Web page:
new-york

Moyra Davey, 1943 (detail), 2018, 108 C-prints, tape, postage, ink, each print 18 x 12".

Moyra Davey

Galerie Buchholz | New York

Moyra Davey, 1943 (detail), 2018, 108 C-prints, tape, postage, ink, each print 18 x 12".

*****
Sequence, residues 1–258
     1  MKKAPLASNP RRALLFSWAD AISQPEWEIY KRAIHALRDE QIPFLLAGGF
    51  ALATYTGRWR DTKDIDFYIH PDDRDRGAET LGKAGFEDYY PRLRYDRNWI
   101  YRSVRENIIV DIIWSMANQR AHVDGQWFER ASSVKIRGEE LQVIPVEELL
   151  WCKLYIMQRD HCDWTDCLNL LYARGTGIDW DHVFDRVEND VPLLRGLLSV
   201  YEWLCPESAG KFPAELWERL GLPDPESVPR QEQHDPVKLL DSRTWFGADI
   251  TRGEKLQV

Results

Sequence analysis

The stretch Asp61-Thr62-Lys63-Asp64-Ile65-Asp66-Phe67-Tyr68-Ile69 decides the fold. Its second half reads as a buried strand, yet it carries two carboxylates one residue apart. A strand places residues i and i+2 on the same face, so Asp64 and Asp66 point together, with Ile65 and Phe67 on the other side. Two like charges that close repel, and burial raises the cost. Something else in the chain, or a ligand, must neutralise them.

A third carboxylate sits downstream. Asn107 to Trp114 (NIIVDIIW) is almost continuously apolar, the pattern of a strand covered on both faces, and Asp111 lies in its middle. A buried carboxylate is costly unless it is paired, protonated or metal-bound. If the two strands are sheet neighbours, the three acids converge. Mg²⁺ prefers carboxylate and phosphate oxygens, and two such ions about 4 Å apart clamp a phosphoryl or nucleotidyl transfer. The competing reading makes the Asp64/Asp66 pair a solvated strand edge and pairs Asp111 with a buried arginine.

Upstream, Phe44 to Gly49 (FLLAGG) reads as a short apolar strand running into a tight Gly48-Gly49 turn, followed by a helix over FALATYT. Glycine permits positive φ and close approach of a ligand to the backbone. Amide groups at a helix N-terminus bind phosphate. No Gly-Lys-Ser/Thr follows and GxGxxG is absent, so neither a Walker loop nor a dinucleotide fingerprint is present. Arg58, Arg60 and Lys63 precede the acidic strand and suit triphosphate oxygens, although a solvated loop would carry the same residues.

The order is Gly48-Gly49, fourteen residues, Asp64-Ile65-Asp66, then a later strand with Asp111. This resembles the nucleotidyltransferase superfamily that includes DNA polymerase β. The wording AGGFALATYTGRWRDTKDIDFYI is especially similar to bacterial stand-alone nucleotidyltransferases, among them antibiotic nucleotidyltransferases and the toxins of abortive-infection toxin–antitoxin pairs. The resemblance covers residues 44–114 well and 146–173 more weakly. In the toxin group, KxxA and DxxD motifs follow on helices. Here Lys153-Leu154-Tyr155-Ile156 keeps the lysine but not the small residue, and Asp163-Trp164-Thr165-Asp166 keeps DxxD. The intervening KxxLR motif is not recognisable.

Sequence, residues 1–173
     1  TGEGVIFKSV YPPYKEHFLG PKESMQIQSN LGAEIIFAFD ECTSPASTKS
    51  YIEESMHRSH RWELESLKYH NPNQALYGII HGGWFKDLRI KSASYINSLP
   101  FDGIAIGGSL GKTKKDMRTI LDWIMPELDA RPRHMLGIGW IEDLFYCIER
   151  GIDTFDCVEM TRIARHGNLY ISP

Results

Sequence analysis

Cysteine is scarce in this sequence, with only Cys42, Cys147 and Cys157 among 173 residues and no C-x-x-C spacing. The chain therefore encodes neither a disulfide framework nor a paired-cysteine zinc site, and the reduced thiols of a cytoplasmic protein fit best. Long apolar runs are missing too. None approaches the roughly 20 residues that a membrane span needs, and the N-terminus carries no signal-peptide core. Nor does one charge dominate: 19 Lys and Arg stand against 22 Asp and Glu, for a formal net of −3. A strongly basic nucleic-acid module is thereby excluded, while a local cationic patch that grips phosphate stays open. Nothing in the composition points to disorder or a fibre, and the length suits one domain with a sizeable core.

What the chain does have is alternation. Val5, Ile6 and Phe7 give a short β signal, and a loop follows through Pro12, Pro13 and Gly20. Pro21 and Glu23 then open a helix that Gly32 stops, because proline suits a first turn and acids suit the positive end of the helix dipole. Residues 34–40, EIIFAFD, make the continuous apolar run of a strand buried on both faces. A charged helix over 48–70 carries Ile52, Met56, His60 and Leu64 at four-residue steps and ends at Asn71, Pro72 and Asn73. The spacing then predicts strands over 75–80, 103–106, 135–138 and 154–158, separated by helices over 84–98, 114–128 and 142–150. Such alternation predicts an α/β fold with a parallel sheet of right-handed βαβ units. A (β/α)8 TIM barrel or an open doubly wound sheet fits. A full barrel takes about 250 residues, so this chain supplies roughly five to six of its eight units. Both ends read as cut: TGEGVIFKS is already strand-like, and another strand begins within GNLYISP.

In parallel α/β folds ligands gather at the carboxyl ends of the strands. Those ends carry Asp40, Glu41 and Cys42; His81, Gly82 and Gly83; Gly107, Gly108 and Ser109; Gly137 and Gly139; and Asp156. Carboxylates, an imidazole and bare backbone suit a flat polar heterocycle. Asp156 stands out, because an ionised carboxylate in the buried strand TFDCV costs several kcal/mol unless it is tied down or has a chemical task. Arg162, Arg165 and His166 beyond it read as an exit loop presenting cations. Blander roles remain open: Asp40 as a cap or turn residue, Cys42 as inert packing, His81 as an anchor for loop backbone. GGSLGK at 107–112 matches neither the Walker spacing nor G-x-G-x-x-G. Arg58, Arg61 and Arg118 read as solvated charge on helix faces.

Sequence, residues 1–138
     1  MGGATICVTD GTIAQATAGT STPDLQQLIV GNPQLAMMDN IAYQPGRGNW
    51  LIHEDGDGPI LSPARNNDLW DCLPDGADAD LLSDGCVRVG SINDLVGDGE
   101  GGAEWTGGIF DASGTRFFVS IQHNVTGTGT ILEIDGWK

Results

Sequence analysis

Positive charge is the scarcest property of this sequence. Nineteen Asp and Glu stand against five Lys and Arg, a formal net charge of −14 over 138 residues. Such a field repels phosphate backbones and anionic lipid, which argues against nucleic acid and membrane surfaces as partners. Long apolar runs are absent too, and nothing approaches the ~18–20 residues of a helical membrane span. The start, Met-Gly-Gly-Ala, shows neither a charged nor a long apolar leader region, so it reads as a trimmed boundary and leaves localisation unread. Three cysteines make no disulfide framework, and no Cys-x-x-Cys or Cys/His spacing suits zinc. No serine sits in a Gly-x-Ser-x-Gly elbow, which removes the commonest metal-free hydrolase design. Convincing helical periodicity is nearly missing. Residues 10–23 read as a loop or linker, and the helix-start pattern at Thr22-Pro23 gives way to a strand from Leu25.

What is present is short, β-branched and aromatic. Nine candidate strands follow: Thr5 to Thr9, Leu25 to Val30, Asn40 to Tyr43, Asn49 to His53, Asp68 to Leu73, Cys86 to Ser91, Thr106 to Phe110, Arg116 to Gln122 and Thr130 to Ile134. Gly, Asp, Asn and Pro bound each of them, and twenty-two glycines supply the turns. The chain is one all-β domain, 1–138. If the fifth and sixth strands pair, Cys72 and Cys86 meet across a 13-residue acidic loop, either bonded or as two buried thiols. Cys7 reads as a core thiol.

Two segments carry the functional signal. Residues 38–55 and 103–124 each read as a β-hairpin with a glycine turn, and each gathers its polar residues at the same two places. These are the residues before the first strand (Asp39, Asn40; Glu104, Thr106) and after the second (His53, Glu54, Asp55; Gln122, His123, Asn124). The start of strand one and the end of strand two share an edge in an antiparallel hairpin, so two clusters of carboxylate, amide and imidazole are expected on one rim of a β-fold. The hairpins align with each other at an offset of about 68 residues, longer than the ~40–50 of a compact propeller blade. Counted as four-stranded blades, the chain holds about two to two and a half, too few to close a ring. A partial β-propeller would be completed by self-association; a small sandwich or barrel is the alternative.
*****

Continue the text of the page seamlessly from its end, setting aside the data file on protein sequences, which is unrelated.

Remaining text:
The only coin ever made in the United States that can be picked up with a magnet is the 1943 steel cent. It was produced in a time of austerity at the height of World War II, when copper was being rerouted to munitions manufacturing. Steel pennies coated in zinc may have conserved necessary metal, but they caused all kinds of problems, too. They were unusually light. They were often mistaken for dimes. They got stuck in vending machines. They rusted quickly. A few years ago, someone gave the artist Moyra Davey a whole cache of them as a gift. They had aged weirdly and unevenly, having become by turns gray and red and flecked with rust, craggy and smooth and corroded by time. Earlier this year, Davey began to photograph these pennies—seemingly accidental portraits of Abraham Lincoln—and print them on her now signature aerograms, which she mailed in succession to the staff

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